A new trapping programme has wiped out a plague of rats in a part of Fiordland National Park.
The Fiordland Conservation Trust and the Department of Conservation installed 469 self-resetting traps in 200 hectares of bush on the Kepler Track last October.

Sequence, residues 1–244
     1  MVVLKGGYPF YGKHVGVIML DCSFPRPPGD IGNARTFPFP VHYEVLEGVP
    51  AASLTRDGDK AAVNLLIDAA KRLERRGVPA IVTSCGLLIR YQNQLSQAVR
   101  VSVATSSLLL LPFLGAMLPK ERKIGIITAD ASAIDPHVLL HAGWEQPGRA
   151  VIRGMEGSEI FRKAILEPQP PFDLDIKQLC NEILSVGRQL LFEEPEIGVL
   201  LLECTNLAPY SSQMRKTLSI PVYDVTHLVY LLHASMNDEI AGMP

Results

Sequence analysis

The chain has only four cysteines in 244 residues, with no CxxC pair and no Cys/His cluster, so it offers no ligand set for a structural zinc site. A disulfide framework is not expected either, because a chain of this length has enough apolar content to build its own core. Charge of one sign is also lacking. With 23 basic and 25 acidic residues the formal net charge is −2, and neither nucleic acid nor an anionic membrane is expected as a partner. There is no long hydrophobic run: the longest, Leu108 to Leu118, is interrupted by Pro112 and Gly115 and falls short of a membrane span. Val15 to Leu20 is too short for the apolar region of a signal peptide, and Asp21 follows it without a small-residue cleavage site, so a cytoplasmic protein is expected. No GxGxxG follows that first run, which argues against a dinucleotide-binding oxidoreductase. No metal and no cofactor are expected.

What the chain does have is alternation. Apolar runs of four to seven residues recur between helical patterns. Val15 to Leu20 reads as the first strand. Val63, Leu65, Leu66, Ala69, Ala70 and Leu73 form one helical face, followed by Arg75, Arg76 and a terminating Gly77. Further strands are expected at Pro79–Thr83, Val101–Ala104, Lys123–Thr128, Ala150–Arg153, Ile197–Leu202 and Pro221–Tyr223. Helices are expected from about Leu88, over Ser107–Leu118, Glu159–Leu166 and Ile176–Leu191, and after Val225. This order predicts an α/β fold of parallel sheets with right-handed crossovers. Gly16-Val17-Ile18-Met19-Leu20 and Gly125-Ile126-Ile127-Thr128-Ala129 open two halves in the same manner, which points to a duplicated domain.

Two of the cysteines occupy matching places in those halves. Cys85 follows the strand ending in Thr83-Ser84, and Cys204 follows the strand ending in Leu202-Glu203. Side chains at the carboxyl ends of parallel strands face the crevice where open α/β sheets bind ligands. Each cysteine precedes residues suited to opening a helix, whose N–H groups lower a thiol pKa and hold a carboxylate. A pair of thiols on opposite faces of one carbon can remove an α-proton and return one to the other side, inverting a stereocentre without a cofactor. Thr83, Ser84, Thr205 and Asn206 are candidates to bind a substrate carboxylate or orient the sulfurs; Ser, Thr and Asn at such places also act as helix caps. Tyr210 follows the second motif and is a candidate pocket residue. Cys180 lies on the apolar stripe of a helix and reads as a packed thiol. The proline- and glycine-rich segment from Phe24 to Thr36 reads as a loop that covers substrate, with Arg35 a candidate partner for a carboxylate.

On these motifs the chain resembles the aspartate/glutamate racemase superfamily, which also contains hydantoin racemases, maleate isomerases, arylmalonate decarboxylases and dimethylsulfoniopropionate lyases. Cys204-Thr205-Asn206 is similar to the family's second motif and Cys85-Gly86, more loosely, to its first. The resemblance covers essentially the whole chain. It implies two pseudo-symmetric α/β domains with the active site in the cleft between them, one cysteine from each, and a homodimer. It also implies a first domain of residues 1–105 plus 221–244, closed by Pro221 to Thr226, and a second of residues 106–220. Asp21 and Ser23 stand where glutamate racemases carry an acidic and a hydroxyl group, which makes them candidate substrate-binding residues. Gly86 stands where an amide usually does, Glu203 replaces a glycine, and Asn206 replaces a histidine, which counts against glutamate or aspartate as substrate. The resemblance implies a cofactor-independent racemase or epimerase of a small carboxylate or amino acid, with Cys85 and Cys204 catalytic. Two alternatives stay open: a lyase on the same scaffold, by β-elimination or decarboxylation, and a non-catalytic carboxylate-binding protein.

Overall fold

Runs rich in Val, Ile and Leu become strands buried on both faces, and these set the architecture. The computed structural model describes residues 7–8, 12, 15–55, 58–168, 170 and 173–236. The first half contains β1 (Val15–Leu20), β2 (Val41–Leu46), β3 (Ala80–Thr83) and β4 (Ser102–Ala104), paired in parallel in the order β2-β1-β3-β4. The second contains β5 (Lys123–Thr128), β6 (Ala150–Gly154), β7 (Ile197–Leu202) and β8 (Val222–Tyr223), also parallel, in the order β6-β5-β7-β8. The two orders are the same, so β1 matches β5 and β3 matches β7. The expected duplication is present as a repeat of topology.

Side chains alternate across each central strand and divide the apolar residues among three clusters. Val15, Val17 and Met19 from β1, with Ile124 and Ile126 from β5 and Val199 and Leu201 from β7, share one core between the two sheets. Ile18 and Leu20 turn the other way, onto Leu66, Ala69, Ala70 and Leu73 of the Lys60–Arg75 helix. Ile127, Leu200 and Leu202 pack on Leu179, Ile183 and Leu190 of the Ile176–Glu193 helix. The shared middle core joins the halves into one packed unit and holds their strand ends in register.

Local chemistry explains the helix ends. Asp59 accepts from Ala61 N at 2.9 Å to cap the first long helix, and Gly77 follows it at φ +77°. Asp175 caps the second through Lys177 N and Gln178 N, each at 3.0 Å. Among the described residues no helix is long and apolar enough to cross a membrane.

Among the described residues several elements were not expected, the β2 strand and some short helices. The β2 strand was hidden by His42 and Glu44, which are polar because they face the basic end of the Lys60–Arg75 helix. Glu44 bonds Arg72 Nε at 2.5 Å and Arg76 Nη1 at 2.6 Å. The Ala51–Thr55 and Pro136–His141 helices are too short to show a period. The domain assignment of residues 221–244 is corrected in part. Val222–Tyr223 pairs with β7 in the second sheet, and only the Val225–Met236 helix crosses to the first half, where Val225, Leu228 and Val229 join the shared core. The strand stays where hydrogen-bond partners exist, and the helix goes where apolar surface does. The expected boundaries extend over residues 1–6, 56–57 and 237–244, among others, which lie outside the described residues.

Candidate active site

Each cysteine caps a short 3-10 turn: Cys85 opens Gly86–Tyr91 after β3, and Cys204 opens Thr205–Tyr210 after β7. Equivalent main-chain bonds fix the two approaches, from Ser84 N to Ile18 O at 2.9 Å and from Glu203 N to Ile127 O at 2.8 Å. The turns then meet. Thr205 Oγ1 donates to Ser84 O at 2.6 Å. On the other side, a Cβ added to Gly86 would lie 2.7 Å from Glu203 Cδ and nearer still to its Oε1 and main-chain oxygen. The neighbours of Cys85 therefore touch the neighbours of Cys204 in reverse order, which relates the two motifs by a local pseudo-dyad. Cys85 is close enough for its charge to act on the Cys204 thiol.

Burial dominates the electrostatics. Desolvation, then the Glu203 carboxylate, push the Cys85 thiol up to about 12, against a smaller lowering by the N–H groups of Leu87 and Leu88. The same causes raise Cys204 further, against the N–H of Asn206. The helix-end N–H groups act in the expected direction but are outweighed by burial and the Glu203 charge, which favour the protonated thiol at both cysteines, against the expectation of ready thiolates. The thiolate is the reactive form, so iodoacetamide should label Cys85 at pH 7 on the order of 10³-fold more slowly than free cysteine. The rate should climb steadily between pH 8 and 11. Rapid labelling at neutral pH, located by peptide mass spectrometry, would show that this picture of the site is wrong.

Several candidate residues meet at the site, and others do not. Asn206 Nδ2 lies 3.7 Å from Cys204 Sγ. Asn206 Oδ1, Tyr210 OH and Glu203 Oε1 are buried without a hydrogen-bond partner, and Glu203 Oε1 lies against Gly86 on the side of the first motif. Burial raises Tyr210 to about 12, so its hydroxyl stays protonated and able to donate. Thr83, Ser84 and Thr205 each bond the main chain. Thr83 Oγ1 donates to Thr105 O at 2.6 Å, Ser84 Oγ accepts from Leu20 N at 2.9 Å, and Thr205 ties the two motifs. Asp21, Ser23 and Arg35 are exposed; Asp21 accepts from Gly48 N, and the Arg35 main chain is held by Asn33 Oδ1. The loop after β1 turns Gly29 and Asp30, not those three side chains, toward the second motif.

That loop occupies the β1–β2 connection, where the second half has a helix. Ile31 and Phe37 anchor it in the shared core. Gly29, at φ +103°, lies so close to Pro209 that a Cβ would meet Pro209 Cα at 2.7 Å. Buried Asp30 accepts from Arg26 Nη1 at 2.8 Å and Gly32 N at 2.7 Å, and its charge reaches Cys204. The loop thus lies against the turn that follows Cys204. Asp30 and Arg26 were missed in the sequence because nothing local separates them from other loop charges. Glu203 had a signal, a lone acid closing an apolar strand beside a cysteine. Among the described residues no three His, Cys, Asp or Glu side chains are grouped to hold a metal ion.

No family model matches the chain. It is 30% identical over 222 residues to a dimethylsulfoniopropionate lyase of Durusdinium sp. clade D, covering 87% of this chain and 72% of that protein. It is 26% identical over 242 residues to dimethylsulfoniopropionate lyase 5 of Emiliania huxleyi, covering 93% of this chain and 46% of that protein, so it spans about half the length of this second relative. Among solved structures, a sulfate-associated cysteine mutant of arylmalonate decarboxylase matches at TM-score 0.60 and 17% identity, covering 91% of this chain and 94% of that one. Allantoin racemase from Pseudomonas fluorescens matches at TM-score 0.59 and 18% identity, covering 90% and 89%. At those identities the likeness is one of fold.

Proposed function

Since the traps were installed, two checks of the area have shown no signs of rats, although plague levels remain outside the trap zone.
The traps are powered by a gas canister and can make 24 kills before a new canister is needed.
Their success means more will be installed in a further 400 hectares of the park.
The project leader, Darren Peters, said if the traps were used throughout the park, they could cut traditional trapping costs by 75 percent.